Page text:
Colin Escott and Floyd Mutrux’s Million Dollar Quartet is the first jukebox musical based on a black-and-white snapshot. At Sun Records in Memphis, Dec. 4, 1956, somebody took a picture of four Southern white singers who were then emerging into the big time.
They were Elvis Presley, 21, seated at a piano, and behind him were Jerry Lee Lewis, Carl Perkins and Johnny Cash. It’s an iconic image, like the one of the sailor kissing the nurse in Times Square on V-J Day in 1945. The show reprises much of the music that would have been heard at that jam session and invents dialogue to explain relationships. The beat was heavy, and the tensions were sometimes electric.
Although this production at Auburn’s Merry-Go-Round Playhouse (running through Oct. 1) is an area premiere, the show has been doing robust business nationally for 10 years, starting in small theaters in Florida. It ran for a year on Broadway, beginning in 2011, and London’s West End in 2012, and has since been a fixture in venues like Las Vegas and Branson, Mo.
Director Scott Weinstein prudently guides the show away from some looming snares. These are not mere tributes or imitations of nascent rock icons in their youth. No, no, not another Elvis imitator, paunchy in sequined jumpsuit, drawling, “Thank you, thank you verra much.” Instead, Luke Linsteadt, a bit shorter than the King himself, looks the least like the character he’s playing of the four. It’s a bold ploy. Even though Presley had signed with RCA Victor Records by this time, and had released his first huge hit, “Heartbreak Hotel,” he was little more than an adolescent and did not dominate the others.
Instead, director Weinstein dresses Linsteadt in black-and-white shoes and has him execute the herky-jerky dance steps that Presley later used for the 1957 movie Jailhouse Rock. Further, he’s the only one to show up with a luscious girlfriend, Dyanne (Dana Parker), who gives a welcome break from the all-boy vocals with Peggy Lee’s “Fever.”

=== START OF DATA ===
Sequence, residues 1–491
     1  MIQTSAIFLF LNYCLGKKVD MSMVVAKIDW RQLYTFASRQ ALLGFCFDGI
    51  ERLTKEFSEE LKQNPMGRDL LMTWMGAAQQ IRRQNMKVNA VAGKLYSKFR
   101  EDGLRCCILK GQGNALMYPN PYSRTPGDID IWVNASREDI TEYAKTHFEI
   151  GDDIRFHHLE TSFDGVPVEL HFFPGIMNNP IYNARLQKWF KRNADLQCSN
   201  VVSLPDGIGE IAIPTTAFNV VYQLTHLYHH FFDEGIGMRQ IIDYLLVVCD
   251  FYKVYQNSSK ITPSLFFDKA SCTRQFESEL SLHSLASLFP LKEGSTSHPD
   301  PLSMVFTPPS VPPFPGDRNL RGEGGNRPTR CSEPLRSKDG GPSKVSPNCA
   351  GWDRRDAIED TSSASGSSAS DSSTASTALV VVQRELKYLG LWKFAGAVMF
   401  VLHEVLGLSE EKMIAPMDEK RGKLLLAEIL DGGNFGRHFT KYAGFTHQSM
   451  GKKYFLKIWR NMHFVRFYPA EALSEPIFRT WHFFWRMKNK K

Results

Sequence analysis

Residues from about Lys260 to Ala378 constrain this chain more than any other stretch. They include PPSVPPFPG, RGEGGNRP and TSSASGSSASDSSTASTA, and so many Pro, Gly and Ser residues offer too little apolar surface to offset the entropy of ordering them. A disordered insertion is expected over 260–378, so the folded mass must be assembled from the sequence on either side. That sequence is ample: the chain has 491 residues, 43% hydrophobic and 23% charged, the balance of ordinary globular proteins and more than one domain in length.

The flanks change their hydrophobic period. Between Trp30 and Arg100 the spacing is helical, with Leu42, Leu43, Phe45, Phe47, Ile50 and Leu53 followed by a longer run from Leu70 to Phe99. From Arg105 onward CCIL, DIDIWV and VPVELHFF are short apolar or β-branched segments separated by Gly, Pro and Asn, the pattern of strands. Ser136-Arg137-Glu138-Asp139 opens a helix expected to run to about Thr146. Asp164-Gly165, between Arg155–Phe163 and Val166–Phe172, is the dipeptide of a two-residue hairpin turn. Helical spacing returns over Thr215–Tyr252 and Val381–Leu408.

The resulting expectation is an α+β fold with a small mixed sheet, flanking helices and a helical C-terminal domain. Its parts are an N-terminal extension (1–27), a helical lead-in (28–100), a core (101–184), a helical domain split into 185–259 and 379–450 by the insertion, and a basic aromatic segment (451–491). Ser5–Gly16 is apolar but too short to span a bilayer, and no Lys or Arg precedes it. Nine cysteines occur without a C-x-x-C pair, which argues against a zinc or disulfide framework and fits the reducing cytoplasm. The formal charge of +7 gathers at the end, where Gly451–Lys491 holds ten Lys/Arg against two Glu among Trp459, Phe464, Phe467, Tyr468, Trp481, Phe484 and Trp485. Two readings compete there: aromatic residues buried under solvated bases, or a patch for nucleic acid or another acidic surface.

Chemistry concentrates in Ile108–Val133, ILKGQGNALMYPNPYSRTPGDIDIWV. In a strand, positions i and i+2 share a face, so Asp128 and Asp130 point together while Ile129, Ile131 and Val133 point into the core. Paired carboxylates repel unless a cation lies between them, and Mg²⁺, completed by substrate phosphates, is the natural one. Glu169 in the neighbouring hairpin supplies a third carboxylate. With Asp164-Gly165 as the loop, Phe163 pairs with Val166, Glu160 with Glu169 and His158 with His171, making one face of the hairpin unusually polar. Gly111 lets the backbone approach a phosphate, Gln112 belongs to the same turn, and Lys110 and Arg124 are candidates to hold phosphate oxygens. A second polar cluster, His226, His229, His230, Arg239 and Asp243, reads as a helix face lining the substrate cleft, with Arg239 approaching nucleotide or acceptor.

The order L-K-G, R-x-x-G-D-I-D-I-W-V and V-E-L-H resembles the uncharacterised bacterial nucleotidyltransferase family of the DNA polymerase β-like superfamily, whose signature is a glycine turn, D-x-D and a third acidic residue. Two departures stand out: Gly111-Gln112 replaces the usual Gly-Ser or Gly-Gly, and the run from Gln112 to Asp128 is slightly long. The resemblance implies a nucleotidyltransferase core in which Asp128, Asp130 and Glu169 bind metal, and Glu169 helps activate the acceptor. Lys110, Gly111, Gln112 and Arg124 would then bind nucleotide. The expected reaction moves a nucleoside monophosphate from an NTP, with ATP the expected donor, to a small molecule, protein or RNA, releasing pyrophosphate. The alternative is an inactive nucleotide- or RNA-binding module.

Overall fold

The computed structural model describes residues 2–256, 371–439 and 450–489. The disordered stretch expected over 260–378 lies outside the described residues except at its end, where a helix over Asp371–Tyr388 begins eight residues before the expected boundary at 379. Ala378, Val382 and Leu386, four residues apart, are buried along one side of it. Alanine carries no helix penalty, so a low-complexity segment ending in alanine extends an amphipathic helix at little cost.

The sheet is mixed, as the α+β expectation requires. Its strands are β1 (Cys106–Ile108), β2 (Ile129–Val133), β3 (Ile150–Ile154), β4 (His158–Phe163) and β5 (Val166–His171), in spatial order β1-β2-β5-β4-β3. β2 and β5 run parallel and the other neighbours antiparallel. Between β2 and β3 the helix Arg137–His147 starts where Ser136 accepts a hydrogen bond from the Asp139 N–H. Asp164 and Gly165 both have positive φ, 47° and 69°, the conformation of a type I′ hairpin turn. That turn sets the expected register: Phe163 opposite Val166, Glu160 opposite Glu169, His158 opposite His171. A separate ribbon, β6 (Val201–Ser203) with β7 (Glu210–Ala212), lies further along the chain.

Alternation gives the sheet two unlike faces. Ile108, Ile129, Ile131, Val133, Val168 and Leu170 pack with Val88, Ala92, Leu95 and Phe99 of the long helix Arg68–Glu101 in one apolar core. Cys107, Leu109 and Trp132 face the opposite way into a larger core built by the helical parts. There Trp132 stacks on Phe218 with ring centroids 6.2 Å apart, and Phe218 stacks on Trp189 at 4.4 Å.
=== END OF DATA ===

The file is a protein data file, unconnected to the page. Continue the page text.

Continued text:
The way the others are interpreted depends on how the Escott-Mutrux script presents them, rather than the way they are remembered in rock history. The most talkative character is the one we know least: Sam Phillips (Luke Darnell), the founder of the once-enterprising, now struggling Sun Records.
Phillips wants us to know how hard he struggled to give his musicians airtime at remote radio stations where even payola could not open the door. He cringes while telling us the studio that launched the legends was once an auto parts store and still looks it. Worse, just as his discoveries are coming into acclaim, they go and sign with big corporations, just as Presley has already done with RCA. A major tension of the script is determining what the others are going to do.
At the beginning of the action, the singer who has come to rehearse is Carl Perkins (tall James Bock), whose entourage of bass player Brother Jay (Michael Fittipaldi) and drummer Fluke (Bryan Graber) remain on stage throughout the intermission-less 100 minutes. As he has the least distinctive on-stage personality of the four, Perkins is harder to play, but his musical significance is never short-changed. His best-known hit “Blue Suede Shoes” opens the show.
Perkins is also allowed to complain that an auto accident prevented him from getting to New York City, so that Presley’s cover of “Blue Suede Shoes” appeared first on the then all-important Ed Sullivan Show. Bock, a considerable vocalist, gives Perkins his due in two distinctive solos, “Matchbox” and “Who Do You Love?”
If Perkins started by owning the session at Sun Records, Jerry Lee Lewis (Noel Carey) is the upstart in suspenders and ill-fitting pants who interrupts him. This alone gives Carey’s Lewis a sharp dramatic advantage, enlarged by Carey’s ability to hammer the keyboard as if he were firing an AK-47. Even at rest Carey’s Lewis looks as though he is demonically possessed by, well, great balls of fire that could leap out of his curly blond hair and consume the entire studio. Even the solos we barely remember from the past, like “Real Wild Child,” knock you out of your seat.
All this ebullience is a disadvantage to the laid-back man in black, Johnny Cash (Justin Figueroa), the quietest of the four. Figueroa, seen here in a high black pompadour, is the production’s most skilled imitator with an instantly recognizable voice, both in speech and in song. “Folsom Prison Blues” might be his, but “Sixteen Tons” is a cover for Tennessee Ernie Ford.
Once the tensions are resolved, Million Dollar Quartet dispenses with words and just delivers hit after hit. Music director Julian Reeve ensures hot vintage rock‘n’roll throughout, all of which is performed by the talented actors on stage.